We read stories on the Internet and in magazines about how businesses are becoming leaner — decreasing expenses in order to free up cash flow and help generate a more positive revenue stream. We hear about companies decreasing staff to lower payroll, using software to automate work flow, and spending more of their time, energy, and dollars on their clients.
But very rarely do we hear of real, practical stories taking place inside the world of outpatient medicine. Certainly our number one priority as physicians is to provide the most comprehensive and meaningful care to our patients, but working in the outpatient setting, we must do so as efficiently as possible. Let’s face it, the costs of everything — payroll, rent, supplies, etc. — are only rising. And with reimbursements always in a state of limbo, creating a lean practice is something that is beneficial to all of us.
Over the next several blog posts, I am going to share with you my story of how I was successfully able to create a very lean and efficient practice — so lean and efficient that I run and manage it completely by myself. I do so to provide you a real-life and specific example of how you can apply the same principles to your own practice.
Let me provide you quick snapshot (before and after if you will):
But before I get into specifics, I think it would be good for you to know why I wanted to transition my practice this way. In the fall of 2010, I decided I no longer wanted to file health insurance. We had a run of health insurance delays and problems that mounted over the entire 2010 year. With the new healthcare law passing that year, I sensed that health insurance was very hard to read. Were reimbursements going to improve or decline? No one could tell (or still can for that matter). I was struck with the sense that I am betting my entire livelihood and the security of my financial future on an industry that is becoming more confusing and difficult to navigate.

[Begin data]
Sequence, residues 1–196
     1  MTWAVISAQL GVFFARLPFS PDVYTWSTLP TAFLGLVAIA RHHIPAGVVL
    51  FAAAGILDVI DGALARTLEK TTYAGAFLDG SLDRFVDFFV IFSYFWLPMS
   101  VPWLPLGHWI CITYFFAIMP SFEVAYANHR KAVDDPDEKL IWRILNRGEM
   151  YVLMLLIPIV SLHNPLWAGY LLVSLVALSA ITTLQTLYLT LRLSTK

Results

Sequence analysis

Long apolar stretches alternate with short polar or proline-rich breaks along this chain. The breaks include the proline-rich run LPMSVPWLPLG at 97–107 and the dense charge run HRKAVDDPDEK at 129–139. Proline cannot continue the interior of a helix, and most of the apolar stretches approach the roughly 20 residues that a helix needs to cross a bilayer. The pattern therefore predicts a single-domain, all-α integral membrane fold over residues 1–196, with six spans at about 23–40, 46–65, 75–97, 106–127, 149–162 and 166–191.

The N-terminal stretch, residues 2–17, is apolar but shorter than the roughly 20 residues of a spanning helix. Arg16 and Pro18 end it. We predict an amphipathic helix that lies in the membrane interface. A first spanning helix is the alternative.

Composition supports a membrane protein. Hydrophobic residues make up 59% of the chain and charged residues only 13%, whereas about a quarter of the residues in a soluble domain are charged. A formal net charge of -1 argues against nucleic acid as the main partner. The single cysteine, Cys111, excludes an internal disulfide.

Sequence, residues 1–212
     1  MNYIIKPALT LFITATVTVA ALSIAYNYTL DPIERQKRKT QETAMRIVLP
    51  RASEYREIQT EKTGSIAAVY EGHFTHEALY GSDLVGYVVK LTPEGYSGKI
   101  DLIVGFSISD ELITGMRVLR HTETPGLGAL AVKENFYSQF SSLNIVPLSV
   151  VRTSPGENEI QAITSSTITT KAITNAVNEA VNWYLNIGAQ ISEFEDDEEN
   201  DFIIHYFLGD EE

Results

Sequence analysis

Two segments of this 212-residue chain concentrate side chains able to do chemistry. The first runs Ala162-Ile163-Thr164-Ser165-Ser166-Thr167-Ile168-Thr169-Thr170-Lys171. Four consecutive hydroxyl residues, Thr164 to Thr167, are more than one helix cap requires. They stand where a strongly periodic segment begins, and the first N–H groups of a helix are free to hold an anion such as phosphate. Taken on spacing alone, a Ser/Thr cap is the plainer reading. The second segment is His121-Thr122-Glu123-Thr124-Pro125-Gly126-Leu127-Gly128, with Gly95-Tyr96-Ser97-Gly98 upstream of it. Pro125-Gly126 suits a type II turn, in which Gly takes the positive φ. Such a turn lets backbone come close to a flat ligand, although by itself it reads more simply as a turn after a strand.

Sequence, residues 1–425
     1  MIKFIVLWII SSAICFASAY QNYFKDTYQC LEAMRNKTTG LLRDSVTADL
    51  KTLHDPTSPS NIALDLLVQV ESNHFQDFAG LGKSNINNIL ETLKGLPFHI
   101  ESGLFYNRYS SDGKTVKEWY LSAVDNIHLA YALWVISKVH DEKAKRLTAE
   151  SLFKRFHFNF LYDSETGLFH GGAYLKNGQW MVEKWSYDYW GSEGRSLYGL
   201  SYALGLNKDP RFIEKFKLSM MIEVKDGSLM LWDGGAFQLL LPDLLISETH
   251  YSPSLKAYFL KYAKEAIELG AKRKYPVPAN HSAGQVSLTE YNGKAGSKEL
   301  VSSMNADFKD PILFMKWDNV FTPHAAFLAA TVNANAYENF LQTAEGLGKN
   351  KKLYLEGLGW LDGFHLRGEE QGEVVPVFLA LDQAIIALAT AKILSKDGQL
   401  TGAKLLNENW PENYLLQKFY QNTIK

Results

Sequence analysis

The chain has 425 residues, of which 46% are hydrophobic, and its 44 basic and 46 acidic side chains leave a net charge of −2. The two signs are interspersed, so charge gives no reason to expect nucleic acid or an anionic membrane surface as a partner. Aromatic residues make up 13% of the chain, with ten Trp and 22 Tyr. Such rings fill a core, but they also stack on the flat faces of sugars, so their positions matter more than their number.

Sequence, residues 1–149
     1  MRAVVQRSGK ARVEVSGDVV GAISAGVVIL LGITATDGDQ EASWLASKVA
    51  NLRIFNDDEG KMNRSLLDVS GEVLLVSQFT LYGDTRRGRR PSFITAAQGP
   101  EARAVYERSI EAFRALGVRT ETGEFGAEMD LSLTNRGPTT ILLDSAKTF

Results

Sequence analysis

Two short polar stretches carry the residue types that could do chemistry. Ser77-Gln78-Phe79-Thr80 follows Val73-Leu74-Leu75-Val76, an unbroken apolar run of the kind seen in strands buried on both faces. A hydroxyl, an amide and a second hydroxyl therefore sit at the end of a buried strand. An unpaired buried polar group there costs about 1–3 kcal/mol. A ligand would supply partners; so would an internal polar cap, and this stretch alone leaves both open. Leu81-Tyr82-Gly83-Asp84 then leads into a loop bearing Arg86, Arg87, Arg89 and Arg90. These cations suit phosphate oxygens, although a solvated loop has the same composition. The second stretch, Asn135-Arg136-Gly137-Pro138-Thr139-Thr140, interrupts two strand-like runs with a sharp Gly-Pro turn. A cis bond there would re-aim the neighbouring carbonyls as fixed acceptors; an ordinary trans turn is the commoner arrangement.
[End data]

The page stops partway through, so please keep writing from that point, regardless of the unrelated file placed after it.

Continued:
I came to the fork in the road and decided that I could continue with the insurance model, which would require me hiring more staff to keep up with all of the insurance hassles. Or, I could stop taking insurance and try the model of a direct pay practice.
I chose the latter as that felt much better to me. I never liked feeling pressured to see a large volume of patients each day and going with the direct pay model, I could slow down and take my time with my patients.
Over the course of 2011, I discovered something interesting (and completely unexpected): I was no longer seeing the amount of patients in my physical office to justify all of the expenses of the physical office (rent, staff payroll, supplies, etc.) Instead of seeing my patients in the office all the time, I was spending a lot more of my time on the phone with them, e-mailing them, and using Skype to communicate with them.
This was an unexpected finding for me. And so this summer I knew I had to adjust and change my practice once again, but I knew that I did not want to go back to the health insurance model. I could have taken the road more traveled and gone to work for a corporate hospital structure or join a large group or leave outpatient medicine altogether.
But none of those options solved the core problem: How to provide outstanding, comprehensive medical care while at the same time keeping expenses to a minimum. I think we can all agree that overhead expenses are out of control, but instead of just accepting this as a fact, I was determined to change this paradigm.
They say that necessity is the mother of invention and this was certainly true for me. And while I won’t tell you the whole story just yet, I will tell you that I have developed a brand new practice model that is super efficient, lean, and allows me to provide the most comprehensive patient care I desire.
Now that you know the why, come back next week and learn exactly how I was able to transform my practice in this manner. I will provide you with specific examples and show you how, if you can start thinking outside the box, you can create the most lean, efficient, and value-oriented practice for yourself as well.
Find out more about Craig Koniver and our other Practice Notes bloggers.